Gone are the days when if somebody planned to purchase
a pro camera they would always consider DSLR as the perfect fit. Things have
changed in the last decade when mirrorless cameras hit the market with their
inventive building and extensive features.
Now no matter if you’re a pro photographer or mediocre, you can’t just go for the DSLR considering it the right pick to satisfy your all needs.
The brands are continuously upgrading the latest models of both of these cameras. But still, you need to know the key differences between mirrorless vs DSLR comparisons. Further, it is important for you to choose the one that is ideal for photography and videography.
Well, fear not. Here we’ve covered a detailed debate over mirrorless vs DSLR cameras.
As the name suggests, it is a Digital Single Lens Reflection camera. What does that mean though?
In a DSLR camera, the light coming from the outside first hit a mirror placed at a 45 degree angle. Then this reflected light comes to the viewfinder. It means that when you use a DSLR camera you’re actually seeing a reflected view of the image at the viewfinder.
Again the name tells the whole thing. Compared to the DSLR, this camera doesn’t contain any mirror where the light will hit first and then reflect.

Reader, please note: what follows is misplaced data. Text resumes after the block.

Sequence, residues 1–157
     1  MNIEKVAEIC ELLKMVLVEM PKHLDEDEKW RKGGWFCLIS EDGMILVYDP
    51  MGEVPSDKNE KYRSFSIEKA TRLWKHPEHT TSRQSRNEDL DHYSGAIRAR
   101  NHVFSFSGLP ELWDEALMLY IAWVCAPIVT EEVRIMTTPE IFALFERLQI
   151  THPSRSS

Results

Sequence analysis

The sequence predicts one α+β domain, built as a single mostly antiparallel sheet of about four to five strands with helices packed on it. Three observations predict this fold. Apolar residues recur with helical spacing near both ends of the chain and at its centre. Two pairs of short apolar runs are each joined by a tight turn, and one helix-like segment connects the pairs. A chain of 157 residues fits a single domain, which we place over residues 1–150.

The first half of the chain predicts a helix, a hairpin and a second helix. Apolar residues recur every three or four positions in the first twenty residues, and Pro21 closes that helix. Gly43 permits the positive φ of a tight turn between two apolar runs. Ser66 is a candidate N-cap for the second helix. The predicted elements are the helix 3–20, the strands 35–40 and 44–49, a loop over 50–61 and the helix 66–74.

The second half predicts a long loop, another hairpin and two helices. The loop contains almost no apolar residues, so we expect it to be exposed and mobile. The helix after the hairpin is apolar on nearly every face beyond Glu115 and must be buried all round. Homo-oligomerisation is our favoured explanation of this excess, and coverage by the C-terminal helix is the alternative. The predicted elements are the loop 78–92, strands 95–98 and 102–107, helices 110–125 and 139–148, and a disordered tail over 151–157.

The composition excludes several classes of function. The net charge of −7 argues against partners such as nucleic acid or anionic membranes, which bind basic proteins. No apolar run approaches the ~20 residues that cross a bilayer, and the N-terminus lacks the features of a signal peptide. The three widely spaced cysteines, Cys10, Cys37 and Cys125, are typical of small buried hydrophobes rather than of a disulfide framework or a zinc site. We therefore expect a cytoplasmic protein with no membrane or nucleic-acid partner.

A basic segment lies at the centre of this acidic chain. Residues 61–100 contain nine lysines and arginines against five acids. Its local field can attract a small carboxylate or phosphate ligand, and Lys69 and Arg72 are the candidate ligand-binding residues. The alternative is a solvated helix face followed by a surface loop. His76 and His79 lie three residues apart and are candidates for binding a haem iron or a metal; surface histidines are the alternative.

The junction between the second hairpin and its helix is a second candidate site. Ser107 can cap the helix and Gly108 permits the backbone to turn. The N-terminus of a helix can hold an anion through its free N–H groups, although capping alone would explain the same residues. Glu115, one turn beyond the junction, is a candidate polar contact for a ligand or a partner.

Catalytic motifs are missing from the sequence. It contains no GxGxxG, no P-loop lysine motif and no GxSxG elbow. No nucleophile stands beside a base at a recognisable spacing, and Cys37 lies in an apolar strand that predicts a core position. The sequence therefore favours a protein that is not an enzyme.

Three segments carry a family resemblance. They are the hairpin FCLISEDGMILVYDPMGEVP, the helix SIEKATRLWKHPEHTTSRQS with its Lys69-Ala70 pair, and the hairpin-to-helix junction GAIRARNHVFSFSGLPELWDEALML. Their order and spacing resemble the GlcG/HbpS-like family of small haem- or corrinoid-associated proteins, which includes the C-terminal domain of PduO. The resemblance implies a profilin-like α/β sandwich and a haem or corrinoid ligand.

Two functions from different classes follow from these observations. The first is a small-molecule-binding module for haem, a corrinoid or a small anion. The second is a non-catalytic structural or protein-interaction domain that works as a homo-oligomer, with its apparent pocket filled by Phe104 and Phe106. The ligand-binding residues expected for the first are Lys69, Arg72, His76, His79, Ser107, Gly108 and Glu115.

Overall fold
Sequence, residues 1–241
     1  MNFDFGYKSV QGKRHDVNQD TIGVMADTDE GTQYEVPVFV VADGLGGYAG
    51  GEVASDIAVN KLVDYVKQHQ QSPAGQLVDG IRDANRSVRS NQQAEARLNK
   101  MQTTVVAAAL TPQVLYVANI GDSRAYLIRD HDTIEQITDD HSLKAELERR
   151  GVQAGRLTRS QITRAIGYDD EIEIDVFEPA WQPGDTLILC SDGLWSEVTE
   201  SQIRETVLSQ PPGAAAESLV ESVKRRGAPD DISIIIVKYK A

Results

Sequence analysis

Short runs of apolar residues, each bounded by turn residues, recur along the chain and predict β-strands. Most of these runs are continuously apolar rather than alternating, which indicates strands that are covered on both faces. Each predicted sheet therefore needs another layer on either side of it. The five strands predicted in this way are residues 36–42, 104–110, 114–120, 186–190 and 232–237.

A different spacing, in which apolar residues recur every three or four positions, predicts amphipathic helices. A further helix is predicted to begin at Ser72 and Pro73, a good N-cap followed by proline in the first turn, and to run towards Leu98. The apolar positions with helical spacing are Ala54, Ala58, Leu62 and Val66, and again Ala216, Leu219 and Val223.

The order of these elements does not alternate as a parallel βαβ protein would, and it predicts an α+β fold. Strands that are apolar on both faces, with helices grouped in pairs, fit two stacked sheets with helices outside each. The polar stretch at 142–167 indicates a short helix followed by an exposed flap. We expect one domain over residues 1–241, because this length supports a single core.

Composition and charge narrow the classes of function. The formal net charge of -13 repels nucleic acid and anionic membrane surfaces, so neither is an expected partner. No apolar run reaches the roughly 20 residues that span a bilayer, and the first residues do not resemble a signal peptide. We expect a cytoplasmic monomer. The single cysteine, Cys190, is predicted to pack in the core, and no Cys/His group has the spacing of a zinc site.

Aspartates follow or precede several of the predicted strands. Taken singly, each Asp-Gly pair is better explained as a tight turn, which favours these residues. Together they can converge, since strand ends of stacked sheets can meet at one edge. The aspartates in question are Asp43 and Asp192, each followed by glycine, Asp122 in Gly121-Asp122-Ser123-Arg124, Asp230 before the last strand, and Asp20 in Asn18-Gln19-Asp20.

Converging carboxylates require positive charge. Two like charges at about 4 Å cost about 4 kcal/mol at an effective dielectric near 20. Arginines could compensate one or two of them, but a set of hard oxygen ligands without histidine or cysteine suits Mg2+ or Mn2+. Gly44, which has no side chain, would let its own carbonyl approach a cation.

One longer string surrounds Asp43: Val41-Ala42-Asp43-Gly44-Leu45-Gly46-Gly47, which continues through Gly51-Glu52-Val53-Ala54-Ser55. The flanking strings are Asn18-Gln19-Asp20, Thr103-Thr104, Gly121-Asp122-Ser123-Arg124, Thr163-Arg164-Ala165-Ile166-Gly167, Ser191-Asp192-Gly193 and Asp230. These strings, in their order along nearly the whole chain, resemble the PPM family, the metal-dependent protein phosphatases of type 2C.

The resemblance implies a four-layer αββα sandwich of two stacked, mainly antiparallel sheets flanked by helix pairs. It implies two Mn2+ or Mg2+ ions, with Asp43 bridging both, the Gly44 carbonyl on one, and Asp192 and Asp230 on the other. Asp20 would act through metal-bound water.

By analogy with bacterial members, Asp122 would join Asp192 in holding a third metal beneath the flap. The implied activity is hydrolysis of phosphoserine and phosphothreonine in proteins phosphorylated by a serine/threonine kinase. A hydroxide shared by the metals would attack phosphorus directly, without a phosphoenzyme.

Instead, the light from the object and then through the lens will directly fall to the viewfinder. It means that while using a mirrorless camera, you see the actual view of the whole scene even before capturing that.
Our main observations about the two devices are as follows.
When you're holding a camera, it’s worth not having any possibility to get it broken. There are different degrees of durability when we consider mirrorless vs DSLR cameras.
DSLR cameras happened to have more robust and bulky bodies as compared to mirrorless counterparts. The very reason behind this strong build is the delicate mechanism or mirrored structure that this gear features.
On the other hand, mirrorless cameras feature somewhat light bodies. That’s why they are best for amateur photographers or travelers.
Size and Weight
Next comes one more huge factor which plays a great role in the functionality of the camera. When we consider mirrorless vs DSLR, we found that DSLR cameras come with more bulky models. On top of them are Canon EOS 6d Mark and EOS 1500D.
On the contrary, mirrorless cameras offer lightweight and compact designs like Canon EOS bodies. Hence, mirrorless is great for the ones who prefer portability and ease.
There are two kinds of shutters used in digital cameras; mechanical shutters and electronic shutters. The type of shutter plays a significant role in the number of frames per second FPS for a camera.
DSLR cameras use mechanical shutters to capture the images. All the mechanical setup of front curtains and mirrors produce a little vibration no matter how much quality shutter a camera gives. And this vibration often affects the image quality due to camera shake.